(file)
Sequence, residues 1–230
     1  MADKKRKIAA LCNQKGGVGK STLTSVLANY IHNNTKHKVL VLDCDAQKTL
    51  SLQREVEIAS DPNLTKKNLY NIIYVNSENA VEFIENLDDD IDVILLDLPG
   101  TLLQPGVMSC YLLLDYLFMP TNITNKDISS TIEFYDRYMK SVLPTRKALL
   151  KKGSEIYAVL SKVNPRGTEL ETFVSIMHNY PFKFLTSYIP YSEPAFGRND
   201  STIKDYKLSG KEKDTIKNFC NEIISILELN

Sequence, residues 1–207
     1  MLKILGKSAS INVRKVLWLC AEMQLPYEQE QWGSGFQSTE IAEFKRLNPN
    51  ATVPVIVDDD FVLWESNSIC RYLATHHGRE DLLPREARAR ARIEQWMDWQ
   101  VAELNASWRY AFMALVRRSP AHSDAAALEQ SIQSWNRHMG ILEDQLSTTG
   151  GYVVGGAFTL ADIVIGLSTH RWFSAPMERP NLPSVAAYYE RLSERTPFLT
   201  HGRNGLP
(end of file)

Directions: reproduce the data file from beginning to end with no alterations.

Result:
Sequence, residues 1–230
     1  MADKKRKIAA LCNQKGGVGK STLTSVLANY IHNNTKHKVL VLDCDAQKTL
    51  SLQREVEIAS DPNLTKKNLY NIIYVNSENA VEFIENLDDD IDVILLDLPG
   101  TLLQPGVMSC YLLLDYLFMP TNITNKDISS TIEFYDRYMK SVLPTRKALL
   151  KKGSEIYAVL SKVNPRGTEL ETFVSIMHNY PFKFLTSYIP YSEPAFGRND
   201  STIKDYKLSG KEKDTIKNFC NEIISILELN

Sequence, residues 1–207
     1  MLKILGKSAS INVRKVLWLC AEMQLPYEQE QWGSGFQSTE IAEFKRLNPN
    51  ATVPVIVDDD FVLWESNSIC RYLATHHGRE DLLPREARAR ARIEQWMDWQ
   101  VAELNASWRY AFMALVRRSP AHSDAAALEQ SIQSWNRHMG ILEDQLSTTG
   151  GYVVGGAFTL ADIVIGLSTH RWFSAPMERP NLPSVAAYYE RLSERTPFLT
   201  HGRNGLP